Mary is a free-spirited young woman with a run-down New York apartment and a high fashion wardrobe. She calls her godmother, a librarian, for bail money after being arrested for throwing an...
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Socially inept garbage man Simon is befriended by Henry Fool, a witty roguish, but talentless novelist. Henry opens a magical world of literature to Simon who turns his hand to writing the ... See full summary »
Thomas Jay Ryan,
Things have been tough lately for Amelia. Her best friend moved out of the apartment, her cat got cancer, and now her best friend, Laura, is getting married. She copes with things, from the... See full summary »
A ten-years-later continuation of Hal Hartley's "Henry Fool", where Fay Grim (Posey) is coerced by a CIA agent (Goldblum) to try and locate notebooks that belonged to her fugitive ex-husband (Ryan). Published in them is information that could compromises the security of the U.S., causing Fay to first head to Paris to fetch them ...
Isabelle is an ex-nun waiting for her special mission from God. In the meantime, she is making a living writing pornography. She meets Thomas, a sweet, confused amnesiac who cannot remember... See full summary »
Mary is a free-spirited young woman with a run-down New York apartment and a high fashion wardrobe. She calls her godmother, a librarian, for bail money after being arrested for throwing an illegal party. To repay the loan, she begins working as a library clerk. At first she hates it, but when challenged decides to master the Dewey Decimal System and become a great library clerk, while romancing a falafel vendor and helping her roommate in his goal to become a professional DJ. Written by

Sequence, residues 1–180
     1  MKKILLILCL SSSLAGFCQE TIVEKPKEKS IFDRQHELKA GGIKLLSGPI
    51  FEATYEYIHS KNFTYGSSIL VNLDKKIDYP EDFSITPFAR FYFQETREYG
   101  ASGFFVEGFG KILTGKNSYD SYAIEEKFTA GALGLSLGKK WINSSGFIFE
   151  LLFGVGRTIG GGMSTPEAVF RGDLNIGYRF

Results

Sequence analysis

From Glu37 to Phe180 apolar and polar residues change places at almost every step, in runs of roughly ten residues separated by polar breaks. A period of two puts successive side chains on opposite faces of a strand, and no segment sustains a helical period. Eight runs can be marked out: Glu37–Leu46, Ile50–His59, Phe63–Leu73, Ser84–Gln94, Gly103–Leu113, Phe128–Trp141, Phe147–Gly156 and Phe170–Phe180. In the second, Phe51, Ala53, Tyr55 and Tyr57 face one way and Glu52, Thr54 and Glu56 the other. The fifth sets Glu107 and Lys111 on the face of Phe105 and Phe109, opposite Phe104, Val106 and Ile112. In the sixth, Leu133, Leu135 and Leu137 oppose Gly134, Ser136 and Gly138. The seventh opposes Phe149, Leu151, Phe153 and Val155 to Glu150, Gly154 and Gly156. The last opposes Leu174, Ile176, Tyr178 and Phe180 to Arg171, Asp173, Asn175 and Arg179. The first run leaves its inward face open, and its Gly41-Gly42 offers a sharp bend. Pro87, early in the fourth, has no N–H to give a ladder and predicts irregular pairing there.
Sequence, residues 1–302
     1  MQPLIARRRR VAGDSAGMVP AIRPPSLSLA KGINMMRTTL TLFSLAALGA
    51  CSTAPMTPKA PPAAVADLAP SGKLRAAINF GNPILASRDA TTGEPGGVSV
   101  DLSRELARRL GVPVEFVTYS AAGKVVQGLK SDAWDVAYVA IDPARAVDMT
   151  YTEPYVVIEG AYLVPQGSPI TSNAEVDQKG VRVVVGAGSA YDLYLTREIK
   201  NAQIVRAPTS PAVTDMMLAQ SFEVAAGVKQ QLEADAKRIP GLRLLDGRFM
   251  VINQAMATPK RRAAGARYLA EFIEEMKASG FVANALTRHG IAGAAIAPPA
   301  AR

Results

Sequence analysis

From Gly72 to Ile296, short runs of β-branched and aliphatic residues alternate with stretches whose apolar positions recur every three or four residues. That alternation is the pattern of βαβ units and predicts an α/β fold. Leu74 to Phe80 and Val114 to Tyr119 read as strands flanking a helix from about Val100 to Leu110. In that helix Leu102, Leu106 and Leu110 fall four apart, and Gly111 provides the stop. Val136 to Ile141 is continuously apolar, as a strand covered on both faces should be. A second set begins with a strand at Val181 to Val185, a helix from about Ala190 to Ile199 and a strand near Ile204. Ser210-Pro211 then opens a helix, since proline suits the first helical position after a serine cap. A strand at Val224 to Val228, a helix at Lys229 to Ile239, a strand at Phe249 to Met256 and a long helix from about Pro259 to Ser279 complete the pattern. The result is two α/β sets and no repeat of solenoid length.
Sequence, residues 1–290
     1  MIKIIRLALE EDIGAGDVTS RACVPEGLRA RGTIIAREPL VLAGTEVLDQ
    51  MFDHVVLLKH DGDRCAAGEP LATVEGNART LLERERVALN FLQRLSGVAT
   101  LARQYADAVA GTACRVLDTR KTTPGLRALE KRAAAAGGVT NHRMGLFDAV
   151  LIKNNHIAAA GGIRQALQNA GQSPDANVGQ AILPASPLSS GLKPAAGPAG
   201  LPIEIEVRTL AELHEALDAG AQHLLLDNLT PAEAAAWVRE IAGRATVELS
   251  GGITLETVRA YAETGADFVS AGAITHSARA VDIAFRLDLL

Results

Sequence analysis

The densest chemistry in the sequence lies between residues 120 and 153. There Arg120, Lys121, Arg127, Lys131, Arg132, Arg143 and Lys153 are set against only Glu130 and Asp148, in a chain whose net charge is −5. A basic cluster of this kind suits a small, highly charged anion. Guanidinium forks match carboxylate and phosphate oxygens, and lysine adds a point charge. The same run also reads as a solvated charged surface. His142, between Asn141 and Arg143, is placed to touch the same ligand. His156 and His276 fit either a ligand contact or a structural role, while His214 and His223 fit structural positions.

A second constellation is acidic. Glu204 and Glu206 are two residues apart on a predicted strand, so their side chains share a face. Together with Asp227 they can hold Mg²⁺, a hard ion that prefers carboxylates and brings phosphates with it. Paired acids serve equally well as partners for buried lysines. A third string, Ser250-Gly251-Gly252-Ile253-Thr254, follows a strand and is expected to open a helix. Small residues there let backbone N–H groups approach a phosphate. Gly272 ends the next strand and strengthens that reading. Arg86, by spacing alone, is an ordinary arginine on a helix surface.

James Meek <firstname.lastname@example.org>
On June 3, 1995, it became the first feature film to be shown in its entirety on the Internet through Glenn Fleishman's Point of Presence Company (POPCO). Parker Posey appeared live in the POPCO offices to introduce the film and welcome Internet viewers. See more »
You don't think I'm smart enough to work in your fucking library?
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I loved this movie, and I am one of the older people who is not supposed to enjoy it, or so it seems. No, this movie is not deep -- who cares? These kinds of movies never are. But strangely, there is a message in it. It's that we each have the potential to be whatever we want to be.
Parker Posey is great in this movie. I've always thought that she bears some resemblance facially to Katharine Hepburn. So, it's great to see that both Hepburn and Posey made movies about librarians (Hepburn's is The Desk Set). All librarians, especially those with a sense of humor, should see Party Girl.
I gave this movie an 8. It is not by any means a great film by cinematic standards, although there are some nice shots in it. But it is incredibly charming and entertaining.
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